31           24 23           16 15            8 7             0
   1   | 0 (a) |    reserved           |            10 (b)             |
   2   |    1  (c)     |0| reserved    |             9 (d)             |
   3   |   127 (e)     |    0 (f)      |             5 (g)             |
   4   |  Token Bucket Rate [r] (32-bit IEEE floating point number)    |
   5   |  Token Bucket Size [b] (32-bit IEEE floating point number)    |
   6   |  Peak Data Rate [p] (32-bit IEEE floating point number)       |
   7   |  Minimum Policed Unit [m] (32-bit integer)                    |
   8   |  Maximum Packet Size [M]  (32-bit integer)                    |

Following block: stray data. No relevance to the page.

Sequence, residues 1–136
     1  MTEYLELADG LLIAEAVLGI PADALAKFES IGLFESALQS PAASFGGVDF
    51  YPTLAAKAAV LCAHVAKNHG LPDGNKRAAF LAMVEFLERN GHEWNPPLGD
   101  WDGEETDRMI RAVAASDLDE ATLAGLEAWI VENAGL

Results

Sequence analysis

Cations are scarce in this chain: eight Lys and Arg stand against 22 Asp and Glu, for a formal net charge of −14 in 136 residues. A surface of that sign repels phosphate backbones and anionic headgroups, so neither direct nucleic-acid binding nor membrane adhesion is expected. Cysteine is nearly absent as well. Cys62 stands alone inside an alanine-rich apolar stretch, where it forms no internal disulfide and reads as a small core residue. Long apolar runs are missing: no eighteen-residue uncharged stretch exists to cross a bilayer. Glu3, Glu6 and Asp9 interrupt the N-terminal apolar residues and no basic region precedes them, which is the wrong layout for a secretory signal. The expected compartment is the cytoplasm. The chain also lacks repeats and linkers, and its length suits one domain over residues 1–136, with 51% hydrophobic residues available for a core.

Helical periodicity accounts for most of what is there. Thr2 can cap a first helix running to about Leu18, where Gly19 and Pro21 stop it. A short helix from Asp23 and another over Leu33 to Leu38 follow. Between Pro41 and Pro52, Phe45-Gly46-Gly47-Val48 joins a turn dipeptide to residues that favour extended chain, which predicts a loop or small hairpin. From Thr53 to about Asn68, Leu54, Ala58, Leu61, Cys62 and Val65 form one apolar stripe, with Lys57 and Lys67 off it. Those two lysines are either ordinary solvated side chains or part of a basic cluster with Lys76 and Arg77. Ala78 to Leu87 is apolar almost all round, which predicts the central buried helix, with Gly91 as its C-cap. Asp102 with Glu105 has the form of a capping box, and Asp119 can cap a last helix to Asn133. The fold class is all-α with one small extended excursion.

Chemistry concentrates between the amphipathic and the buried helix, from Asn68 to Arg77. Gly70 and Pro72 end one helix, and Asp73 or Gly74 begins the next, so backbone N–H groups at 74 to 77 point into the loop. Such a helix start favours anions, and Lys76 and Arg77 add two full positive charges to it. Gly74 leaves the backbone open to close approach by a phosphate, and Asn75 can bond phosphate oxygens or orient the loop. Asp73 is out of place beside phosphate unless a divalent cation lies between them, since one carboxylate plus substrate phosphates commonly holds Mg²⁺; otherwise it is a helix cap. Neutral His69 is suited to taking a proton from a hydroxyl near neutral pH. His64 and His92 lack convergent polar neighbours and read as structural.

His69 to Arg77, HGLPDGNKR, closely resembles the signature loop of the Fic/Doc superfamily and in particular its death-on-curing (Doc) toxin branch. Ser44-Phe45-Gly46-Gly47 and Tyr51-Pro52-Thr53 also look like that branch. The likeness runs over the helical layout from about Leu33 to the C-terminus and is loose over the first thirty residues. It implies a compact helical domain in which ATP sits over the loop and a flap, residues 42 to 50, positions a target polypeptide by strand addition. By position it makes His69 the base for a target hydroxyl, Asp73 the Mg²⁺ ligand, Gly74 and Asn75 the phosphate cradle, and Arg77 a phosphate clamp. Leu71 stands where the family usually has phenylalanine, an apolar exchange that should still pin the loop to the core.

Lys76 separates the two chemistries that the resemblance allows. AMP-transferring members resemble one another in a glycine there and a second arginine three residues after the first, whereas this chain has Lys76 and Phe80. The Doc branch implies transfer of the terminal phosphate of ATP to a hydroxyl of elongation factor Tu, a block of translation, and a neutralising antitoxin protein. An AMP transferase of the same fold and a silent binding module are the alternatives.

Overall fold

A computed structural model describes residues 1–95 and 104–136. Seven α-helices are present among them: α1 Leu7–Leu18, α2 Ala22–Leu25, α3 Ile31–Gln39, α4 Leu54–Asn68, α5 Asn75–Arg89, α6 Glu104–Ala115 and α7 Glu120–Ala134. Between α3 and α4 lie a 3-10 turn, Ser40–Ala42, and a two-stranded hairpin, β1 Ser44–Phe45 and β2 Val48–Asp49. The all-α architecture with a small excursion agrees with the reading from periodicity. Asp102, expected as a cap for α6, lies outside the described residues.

9   |   126 (h)     |    0 (i)      |             2 (j)             |
   10  |     Hint (assigned number)                                    |
   11  |  Compression factor [f] (32-bit integer)                      |

        (a) - Message format version number (0)
        (b) - Overall length (10 words not including header)
        (c) - Service header, service number 1 (default/global information)
        (d) - Length of service 1 data, 9 words not including header
        (e) - Parameter ID, parameter 127 (Token_Bucket_TSpec)
        (f) - Parameter 127 flags (none set)
        (g) - Parameter 127 length, 5 words not including header
        (h) - Parameter ID, parameter 126 (Compression_Hint)
        (i) - Parameter 126 flags (none set)
        (j) - Parameter 126 length, 2 words not including header

   The difference between this TSpec and the one described in [RFC 2210]